It was a tweet that set my hair on fire.
And, no, it wasn’t sent by President Trump.
Instead, an alt-right radio podcaster asserted that “birth control is not health care.”
When I responded that it was, and not just for pregnancy prevention but also to treat a variety of women’s health issues, I found myself assailed by men—including, bizarrely, anti-Semites whose assumption about my religion was as erroneous as their knowledge of gynecology.
I was called a slut. I was told to keep my legs crossed. I was told birth control pills smother a fetus. I was told no woman uses birth control for any reason other than preventing pregnancy.
I had to check the calendar. Yes, still 2017.
It reminded me of the 1990s, when Rep. Vanessa Summers, D-Indianapolis, unsuccessfully tried to have insurance companies cover contraception prescriptions if they also cover other prescription medicines. The legislation was part of a national debate over whether erectile dysfunction drugs should be covered while birth control was not. It led to one of my favorite moments in the Legislature, when then-Rep. Candy Marendt, an Indianapolis Republican with an enviable talent for succinctness, told the overwhelmingly male House that, apparently, it was a medical emergency if they couldn’t get it up, but God forbid women have prescription coverage for birth control.
Summers stopped offering the bill after Obamacare’s mandate that insurance include preventive procedures made it moot. Now, a bill on life support in the Senate would eliminate that requirement, and men are arguing against basic insurance coverage for birth control or maternity care.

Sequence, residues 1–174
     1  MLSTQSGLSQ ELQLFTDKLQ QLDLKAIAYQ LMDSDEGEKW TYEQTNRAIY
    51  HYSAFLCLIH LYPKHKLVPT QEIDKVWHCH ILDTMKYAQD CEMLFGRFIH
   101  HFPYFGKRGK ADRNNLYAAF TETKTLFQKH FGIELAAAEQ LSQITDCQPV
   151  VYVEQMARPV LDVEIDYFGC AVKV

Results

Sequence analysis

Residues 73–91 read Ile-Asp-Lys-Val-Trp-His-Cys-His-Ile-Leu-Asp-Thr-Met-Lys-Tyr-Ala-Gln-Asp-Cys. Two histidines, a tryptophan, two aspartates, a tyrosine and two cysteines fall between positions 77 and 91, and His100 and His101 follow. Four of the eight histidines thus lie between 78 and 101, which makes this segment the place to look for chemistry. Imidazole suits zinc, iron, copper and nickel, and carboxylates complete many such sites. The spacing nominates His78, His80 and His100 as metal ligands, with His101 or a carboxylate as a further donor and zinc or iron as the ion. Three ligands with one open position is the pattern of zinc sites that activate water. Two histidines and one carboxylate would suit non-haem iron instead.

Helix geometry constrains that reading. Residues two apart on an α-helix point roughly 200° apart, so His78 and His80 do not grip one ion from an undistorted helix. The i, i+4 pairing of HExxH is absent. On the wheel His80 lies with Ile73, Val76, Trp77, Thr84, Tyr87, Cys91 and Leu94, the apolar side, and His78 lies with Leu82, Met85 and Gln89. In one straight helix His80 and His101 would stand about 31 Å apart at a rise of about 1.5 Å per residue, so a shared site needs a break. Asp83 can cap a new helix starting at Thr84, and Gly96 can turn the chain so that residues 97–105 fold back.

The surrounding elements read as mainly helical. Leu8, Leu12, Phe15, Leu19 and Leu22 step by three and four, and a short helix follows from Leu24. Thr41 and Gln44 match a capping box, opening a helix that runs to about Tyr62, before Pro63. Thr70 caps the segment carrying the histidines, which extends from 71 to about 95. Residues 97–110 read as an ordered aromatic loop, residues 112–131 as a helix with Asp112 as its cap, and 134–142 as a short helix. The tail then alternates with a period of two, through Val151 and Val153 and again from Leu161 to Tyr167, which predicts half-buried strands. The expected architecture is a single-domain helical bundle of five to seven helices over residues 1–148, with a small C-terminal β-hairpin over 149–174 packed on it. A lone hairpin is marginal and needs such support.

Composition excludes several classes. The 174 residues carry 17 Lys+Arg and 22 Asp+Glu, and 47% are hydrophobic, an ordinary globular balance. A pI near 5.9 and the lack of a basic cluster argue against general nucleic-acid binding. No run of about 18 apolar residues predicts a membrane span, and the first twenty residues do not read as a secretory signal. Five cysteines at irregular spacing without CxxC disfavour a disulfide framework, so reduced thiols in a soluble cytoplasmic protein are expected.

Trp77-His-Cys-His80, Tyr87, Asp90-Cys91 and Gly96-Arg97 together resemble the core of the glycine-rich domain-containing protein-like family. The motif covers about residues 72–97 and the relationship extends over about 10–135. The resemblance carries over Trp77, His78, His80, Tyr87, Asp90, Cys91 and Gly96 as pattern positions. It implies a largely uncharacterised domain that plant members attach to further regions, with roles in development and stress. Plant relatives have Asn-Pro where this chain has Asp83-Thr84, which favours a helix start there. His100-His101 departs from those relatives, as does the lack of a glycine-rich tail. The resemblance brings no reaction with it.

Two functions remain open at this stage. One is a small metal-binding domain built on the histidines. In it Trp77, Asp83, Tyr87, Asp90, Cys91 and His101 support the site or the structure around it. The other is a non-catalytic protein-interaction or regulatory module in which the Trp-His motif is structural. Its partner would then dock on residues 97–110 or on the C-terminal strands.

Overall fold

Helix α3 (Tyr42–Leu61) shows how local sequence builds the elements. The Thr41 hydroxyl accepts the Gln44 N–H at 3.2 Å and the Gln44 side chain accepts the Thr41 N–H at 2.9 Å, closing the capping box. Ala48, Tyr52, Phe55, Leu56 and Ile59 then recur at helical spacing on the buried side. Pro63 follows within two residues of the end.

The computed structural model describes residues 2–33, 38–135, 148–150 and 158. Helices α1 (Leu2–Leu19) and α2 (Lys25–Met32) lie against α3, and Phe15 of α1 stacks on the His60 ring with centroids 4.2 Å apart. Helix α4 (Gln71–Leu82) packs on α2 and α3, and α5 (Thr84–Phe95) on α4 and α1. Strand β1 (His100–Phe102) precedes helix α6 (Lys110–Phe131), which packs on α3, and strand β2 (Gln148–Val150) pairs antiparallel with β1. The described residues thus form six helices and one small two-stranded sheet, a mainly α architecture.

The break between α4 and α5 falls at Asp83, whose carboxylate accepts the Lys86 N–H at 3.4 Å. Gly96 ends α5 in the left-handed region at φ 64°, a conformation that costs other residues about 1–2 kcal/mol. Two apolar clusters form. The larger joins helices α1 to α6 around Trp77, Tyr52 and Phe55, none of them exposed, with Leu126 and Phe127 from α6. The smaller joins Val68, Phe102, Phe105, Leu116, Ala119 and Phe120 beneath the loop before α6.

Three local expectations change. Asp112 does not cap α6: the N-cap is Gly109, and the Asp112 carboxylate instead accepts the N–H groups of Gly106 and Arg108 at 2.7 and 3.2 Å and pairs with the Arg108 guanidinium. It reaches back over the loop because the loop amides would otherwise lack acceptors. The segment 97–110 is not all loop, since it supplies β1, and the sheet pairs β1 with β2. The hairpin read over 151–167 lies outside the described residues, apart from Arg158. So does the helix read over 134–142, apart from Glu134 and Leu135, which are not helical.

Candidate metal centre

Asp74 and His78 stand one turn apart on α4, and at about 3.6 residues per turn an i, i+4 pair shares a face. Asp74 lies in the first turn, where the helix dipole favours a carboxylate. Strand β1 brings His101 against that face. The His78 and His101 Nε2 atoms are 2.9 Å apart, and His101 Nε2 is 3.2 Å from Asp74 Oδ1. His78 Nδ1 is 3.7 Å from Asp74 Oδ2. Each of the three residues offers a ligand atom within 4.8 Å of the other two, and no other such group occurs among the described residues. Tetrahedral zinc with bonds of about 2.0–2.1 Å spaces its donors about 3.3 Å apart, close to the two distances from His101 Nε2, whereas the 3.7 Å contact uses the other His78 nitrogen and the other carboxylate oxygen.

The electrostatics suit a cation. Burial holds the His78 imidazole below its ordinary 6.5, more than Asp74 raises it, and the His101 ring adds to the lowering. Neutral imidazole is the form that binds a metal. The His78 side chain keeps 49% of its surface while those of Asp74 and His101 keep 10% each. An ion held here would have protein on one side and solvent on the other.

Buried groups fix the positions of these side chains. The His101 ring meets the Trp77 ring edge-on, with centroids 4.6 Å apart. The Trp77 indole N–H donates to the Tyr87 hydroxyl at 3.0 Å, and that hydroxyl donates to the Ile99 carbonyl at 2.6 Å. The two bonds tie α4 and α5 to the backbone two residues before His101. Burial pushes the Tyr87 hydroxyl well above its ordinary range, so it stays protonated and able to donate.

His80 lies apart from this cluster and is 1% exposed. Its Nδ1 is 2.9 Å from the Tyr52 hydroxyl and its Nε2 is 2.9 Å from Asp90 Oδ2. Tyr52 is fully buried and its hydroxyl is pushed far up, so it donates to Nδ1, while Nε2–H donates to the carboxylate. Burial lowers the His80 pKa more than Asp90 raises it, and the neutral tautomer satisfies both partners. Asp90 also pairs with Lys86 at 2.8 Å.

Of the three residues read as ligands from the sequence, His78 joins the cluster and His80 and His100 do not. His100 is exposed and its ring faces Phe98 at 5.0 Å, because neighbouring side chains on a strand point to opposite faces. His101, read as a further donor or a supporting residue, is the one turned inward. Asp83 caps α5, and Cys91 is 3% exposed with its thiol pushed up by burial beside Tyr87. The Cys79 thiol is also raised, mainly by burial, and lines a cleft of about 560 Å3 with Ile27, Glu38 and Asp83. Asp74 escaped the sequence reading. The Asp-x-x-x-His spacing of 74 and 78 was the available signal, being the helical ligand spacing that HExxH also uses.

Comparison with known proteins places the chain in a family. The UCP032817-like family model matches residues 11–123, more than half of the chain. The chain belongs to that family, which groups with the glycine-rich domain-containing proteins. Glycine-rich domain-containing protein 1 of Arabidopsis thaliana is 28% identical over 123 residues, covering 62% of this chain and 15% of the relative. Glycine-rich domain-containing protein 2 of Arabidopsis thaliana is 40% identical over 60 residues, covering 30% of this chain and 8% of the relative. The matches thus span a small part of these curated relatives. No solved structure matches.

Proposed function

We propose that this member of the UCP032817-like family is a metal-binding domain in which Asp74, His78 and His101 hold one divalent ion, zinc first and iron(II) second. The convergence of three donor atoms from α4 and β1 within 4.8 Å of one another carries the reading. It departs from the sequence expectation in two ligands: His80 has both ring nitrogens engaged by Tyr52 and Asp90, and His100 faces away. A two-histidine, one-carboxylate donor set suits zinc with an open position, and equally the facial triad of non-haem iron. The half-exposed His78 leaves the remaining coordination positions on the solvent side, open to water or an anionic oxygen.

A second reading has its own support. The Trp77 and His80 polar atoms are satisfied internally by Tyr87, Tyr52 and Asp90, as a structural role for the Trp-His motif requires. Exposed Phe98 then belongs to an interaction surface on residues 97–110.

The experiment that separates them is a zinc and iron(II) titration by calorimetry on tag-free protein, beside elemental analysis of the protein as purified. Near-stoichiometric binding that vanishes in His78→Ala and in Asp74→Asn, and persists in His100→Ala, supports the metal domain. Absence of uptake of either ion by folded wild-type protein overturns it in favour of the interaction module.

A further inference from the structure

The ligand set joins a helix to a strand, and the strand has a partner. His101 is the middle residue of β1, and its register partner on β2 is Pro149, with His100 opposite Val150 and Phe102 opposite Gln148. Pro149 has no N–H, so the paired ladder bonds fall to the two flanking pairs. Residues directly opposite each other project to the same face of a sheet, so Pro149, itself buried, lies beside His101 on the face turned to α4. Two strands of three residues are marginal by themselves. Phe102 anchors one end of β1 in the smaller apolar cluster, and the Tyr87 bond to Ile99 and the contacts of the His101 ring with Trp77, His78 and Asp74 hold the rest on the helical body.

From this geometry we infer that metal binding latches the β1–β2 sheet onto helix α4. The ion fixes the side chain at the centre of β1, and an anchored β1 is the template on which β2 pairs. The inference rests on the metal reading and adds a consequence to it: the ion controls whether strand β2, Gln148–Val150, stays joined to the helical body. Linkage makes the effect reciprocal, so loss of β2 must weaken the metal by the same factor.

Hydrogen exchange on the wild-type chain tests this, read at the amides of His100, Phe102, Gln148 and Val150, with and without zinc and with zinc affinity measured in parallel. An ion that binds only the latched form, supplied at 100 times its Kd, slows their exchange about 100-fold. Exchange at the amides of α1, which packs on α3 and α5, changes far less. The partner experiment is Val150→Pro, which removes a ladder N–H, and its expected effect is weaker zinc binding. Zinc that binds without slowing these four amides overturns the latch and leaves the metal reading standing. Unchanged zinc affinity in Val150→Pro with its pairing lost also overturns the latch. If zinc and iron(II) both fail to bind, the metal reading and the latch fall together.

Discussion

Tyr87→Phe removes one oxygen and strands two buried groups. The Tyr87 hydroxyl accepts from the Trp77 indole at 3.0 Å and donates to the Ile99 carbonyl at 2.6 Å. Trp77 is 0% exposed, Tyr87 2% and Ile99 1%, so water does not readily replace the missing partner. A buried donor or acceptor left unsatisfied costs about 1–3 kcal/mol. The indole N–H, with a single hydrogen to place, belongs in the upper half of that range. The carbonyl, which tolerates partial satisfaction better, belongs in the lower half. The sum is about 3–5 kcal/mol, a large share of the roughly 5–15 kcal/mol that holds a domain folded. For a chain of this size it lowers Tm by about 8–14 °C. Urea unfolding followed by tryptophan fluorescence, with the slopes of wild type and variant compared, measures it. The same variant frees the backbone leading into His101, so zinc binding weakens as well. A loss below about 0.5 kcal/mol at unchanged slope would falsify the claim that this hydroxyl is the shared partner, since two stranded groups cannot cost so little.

Because, you see, “birth control is not health care.”
Perhaps if the Senate had included women such as Sen. Susan Collins, R-Maine, among the male-only working group that drafted their health plan, they’d understand it is.
I have bought birth control pills twice in my life. Once was in my 50s, when I bled continuously for six weeks and needed them to stop it. Once was for my daughter who, as a young adolescent, was having early menstrual problems. Marendt recalled buying pills to address a teenage daughter’s anemia. No, men (and pharmacist, who gave me the stink eye): We mothers were not filling a birth control prescription for our girls to promote promiscuity.
The pill is health care for a variety of health issues, addressing irregular menstruation, migraines, debilitating endometriosis and more. A Guttmacher Institute study showed that 14 percent of pill users in the United States—about 1.5 million women—use them exclusively for non-contraceptive reasons, with 9 percent having never had sex at all. And 58 percent of pill users cited both contraception and other health benefits such as less pain, lighter periods and fewer migraines; only 42 percent used them solely for birth control.
There are women who, for health reasons, should not conceive. Unplanned pregnancies can be financial and medical disasters for some women. The United States has the worst maternal mortality rate among developed countries. An NPR and ProPublica investigation found 700 to 900 women die annually in the United States from pregnancy and childbirth, with another 65,000 nearly dying.
The American College of Obstetricians and Gynecologists says contraceptive care is “an integral part of preventive care and a medical necessity” that reduces unwanted pregnancies and abortion rates, is not an abortifacient itself, leads to “a 50 percent decrease of endometrial [problems] and 27 percent decreased risk of ovarian cancer.”
Summers recalls men being both “squeamish and ignorant” in discussing women’s health. I suggest they stop mansplaining gynecology. Listen to some womensplaining: Birth control is health care.•
Schneider covered Indiana government and politics for The Indianapolis Star for more than 20 years. Send comments to firstname.lastname@example.org.